Artificial intelligence is the creation of intelligent machines which are trained to work and react like humans. This field is highly technical and specialised. However, many believe that the UK has lost diversity in this area.
Previously, I had understood what AI entailed and was aware that it was subject to bias. However, what I did not anticipate was the extent that human bias when programming AI would affect the system.
The public is asking for the government and tech companies to improve inclusivity in the application of artificial intelligence. Censuswide found UK citizens feel AI requires human intervention. Therefore, government and the tech industry should address issues inherent in AI application, such as gender diversity.
32% of respondents argued that driving gender diversity was the responsibility of the tech industry. However, a similar proportion of 31% said that responsibility fell to the government.
Elif Tutuk, senior director of research at Qlik commented “For the artificial intelligence industry to grow and flourish, it needs trust at its core. Trust is shaped by human experiences, and we need greater attention paid to the many different human experiences that can create more balanced AI for all.”
Therefore, she argues that more emphasis needs to be placed on the data behind AI and who is programming it. Artificial intelligence, as a machine, is prone to bias and a lack of context. Therefore, it makes sense that this is important.
Tutuk emphasises the need for greater diversity in the workforce and in training of handling data to create a more level playing field during this growth of artificial intelligence.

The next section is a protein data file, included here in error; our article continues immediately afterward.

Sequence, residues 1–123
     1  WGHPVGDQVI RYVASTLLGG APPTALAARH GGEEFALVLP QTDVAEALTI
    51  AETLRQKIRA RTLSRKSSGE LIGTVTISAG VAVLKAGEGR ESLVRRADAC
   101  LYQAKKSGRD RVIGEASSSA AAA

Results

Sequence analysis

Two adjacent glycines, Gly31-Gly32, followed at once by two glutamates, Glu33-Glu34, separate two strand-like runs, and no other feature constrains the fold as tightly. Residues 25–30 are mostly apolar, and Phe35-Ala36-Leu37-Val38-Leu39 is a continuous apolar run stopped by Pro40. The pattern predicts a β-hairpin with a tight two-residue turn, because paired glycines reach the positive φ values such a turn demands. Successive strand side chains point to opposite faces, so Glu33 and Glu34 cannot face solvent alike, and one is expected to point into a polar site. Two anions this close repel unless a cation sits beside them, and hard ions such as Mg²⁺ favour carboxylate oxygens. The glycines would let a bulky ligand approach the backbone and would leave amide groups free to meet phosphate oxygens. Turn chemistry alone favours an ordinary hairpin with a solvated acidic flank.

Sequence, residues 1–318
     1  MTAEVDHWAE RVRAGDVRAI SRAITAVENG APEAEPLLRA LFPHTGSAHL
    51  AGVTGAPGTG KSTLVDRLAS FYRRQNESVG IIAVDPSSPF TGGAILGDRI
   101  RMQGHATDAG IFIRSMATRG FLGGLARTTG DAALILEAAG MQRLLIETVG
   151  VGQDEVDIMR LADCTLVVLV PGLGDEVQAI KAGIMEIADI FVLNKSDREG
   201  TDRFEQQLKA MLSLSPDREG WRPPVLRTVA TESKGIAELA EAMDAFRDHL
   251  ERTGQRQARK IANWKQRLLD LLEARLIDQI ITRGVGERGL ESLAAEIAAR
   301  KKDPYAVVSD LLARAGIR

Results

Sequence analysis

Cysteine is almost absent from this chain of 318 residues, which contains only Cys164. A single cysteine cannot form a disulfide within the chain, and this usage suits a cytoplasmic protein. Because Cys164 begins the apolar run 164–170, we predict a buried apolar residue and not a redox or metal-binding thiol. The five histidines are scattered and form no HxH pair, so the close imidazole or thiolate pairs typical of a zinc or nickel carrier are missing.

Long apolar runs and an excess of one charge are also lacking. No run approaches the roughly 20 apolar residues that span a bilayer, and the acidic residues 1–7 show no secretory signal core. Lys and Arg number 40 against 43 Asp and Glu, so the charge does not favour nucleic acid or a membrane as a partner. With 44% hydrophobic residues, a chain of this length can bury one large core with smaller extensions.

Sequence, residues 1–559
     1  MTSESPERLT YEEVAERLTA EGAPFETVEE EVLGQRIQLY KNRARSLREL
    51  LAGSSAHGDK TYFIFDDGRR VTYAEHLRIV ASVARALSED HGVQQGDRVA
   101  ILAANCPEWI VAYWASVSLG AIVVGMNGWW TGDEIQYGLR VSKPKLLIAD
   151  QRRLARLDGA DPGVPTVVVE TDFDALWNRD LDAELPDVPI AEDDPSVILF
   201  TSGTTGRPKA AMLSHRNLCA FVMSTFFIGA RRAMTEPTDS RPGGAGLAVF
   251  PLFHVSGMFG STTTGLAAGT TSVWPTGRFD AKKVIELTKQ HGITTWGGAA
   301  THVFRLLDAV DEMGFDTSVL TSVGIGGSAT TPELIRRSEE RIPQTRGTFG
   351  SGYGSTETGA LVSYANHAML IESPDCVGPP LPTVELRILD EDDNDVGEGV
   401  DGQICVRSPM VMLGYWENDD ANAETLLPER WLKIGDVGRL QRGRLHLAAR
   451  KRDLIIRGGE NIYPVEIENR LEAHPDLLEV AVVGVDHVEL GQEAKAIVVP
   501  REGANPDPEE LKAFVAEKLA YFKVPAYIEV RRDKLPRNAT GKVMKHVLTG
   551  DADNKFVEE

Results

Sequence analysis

What is being done?
Earlier this year as part of a plan to upscale the UK workforce under the AI Sector Deal, the government invested £13.5 million of the total funding towards scholarships and artificial intelligence and data science conversion courses. This is all to make the UK a leader in AI technology. The programmes were aimed to support professionals who took a career break and under-represented groups in the digital workforce. This includes women and those from minority ethnic and lower-economic backgrounds.
Wendy Hall during London Tech Week stressed that the field is not diverse in gender which influences the bias issues of artificial intelligence. Therefore, if there is a limited subsection of society creating the algorithms this is not a positive for society, she says. Hall recommends this absolutely needs to be a part of the ethical framework.
Diversity needs to be high on the agenda when regulating artificial intelligence. Additionally, Hall mentions that companies must take a diverse approach and have an interdisciplinary team. Ultimately, businesses need to have a diverse point of view.
Yet, work is being done to combat this issue. Oxford University has accepted a £150 million from Stephen Schwarzman to build a new humanities hub that will include a centre for artificial intelligence ethics research.
In a previous blog I also mentioned London Mayor Sadiq Khan’s opinion at London Tech Week that the government were not doing enough for AI readiness. This certainly seems to be the case in terms of diversity also.